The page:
China “has closed the technological gap” with the U.S. in quantum technology, which was previously led by the latter. This is “due to a concerted strategy by the Chinese government and inconsistent levels of R&D funding and limited government coordination by the U.S.,” says the U.S. China Economic and Security Review Commission according to a report. Find out why Chinese quantum computing is the new holy grail and what is the investment like in other countries
Chinese Quantum Computing Model
Quantum computing has proven to be the next holy grail in technological advancements. The race has been characterized by fierce research and investment with groundbreaking announcements from institutions concerning the stages of their research accomplishments. In this regard, China took the world by surprise when it announced its milestone in developing a quantum computer. This was the second time quantum advantage was being achieved. The first time being Google’s announcement in 2019.
The Chinese quantum computing model known as Jiuzhang functions by manipulating 76 photons to carry out its calculations. What makes Jiuzhang novel in its quantum computing advantage is its use of a light-based quantum computer, the first of its kind. Jiuzhang is developed by researchers at the University of Science and Technology of China in Hefei, Anhui province.
How Does The Chinese Jiuzhang Differ From Google’s 53 Qubit Computer?
Jiuzhang differs from Google’s 53-quantum bit (qubit) computer in that the latter needs to be stored at a temperature close to interstellar space using superconducting materials. This temperature makes operation highly challenging. Jiuzhang quantum computing uses 76 photons to do its calculations and can operate at room temperature, allowing for easy operation. However, its sensory materials must be stored at a temperature of -269.1 °C to enable electrical conduction. Its speed is millions of years faster than a classic computer and experts have praised it as “a state-of-the-art experiment.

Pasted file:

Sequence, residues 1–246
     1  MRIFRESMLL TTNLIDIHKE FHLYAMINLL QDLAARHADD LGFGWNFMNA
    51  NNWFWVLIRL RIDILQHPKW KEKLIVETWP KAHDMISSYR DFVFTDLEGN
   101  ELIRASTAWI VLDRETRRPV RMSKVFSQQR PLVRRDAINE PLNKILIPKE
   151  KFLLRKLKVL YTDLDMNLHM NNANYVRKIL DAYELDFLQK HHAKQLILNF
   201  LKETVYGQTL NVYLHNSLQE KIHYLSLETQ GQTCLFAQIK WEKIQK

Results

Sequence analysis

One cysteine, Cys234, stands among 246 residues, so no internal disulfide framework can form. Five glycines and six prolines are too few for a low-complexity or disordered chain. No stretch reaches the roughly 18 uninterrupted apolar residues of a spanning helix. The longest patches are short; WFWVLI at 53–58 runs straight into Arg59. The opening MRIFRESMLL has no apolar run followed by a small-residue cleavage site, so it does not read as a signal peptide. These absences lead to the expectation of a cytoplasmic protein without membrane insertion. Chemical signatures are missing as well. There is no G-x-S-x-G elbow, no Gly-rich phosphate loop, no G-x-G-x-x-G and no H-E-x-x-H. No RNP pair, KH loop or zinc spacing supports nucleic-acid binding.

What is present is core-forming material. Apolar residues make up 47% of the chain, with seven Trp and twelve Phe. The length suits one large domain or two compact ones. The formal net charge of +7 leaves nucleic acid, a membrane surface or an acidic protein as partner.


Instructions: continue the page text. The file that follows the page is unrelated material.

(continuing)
Jiuzhang quantum computer functions like a mathematical calculating machine, Gaussian boson sampling (GBS), which is revered for its capacity in performing an extremely difficult calculation in a short time.
“Boson sampling is a way of computing the output of a linear optical circuit that has multiple inputs and multiple outputs. Single photons enter the circuit in parallel and encounter optical components such as beam splitters. Due to their bosonic nature, if two photons arrive at a beam splitter at the same time, they will both follow the same path,” says a report by Physics World.
Quantum supremacy also known as a quantum advantage is attained when a quantum computer succeeds in solving a problem that would have been otherwise difficult for a classical computer to solve in a reasonable timeframe. The quantum problem solved must not be relevant to every day or a real-life application, but the quantum computer must be able to solve the problem in a very short time.
Quantum computing has become the new holy grail because it promises to be the future breakthrough when applied to solve problems in finance, healthcare, telecommunication, aviation, pharmaceutical, etc. This promise in the real-time application has spurred massive investment from individuals and governments alike.